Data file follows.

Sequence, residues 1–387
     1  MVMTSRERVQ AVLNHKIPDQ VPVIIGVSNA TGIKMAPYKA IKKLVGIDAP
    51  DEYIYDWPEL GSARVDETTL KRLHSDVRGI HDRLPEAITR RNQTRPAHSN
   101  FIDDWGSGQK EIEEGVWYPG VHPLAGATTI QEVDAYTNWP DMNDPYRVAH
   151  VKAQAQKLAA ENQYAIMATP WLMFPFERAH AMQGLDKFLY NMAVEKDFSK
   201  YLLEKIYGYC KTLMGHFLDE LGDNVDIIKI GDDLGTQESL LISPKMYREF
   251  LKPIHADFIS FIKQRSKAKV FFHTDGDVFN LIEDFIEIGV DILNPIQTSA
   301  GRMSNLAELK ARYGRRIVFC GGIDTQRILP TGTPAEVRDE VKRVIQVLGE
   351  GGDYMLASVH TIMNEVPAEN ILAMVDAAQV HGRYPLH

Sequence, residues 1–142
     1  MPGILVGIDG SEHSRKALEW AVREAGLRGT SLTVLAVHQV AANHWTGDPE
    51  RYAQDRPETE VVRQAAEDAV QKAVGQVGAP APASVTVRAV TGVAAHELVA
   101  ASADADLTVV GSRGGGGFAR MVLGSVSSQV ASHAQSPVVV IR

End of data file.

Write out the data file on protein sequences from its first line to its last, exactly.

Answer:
Sequence, residues 1–387
     1  MVMTSRERVQ AVLNHKIPDQ VPVIIGVSNA TGIKMAPYKA IKKLVGIDAP
    51  DEYIYDWPEL GSARVDETTL KRLHSDVRGI HDRLPEAITR RNQTRPAHSN
   101  FIDDWGSGQK EIEEGVWYPG VHPLAGATTI QEVDAYTNWP DMNDPYRVAH
   151  VKAQAQKLAA ENQYAIMATP WLMFPFERAH AMQGLDKFLY NMAVEKDFSK
   201  YLLEKIYGYC KTLMGHFLDE LGDNVDIIKI GDDLGTQESL LISPKMYREF
   251  LKPIHADFIS FIKQRSKAKV FFHTDGDVFN LIEDFIEIGV DILNPIQTSA
   301  GRMSNLAELK ARYGRRIVFC GGIDTQRILP TGTPAEVRDE VKRVIQVLGE
   351  GGDYMLASVH TIMNEVPAEN ILAMVDAAQV HGRYPLH

Sequence, residues 1–142
     1  MPGILVGIDG SEHSRKALEW AVREAGLRGT SLTVLAVHQV AANHWTGDPE
    51  RYAQDRPETE VVRQAAEDAV QKAVGQVGAP APASVTVRAV TGVAAHELVA
   101  ASADADLTVV GSRGGGGFAR MVLGSVSSQV ASHAQSPVVV IR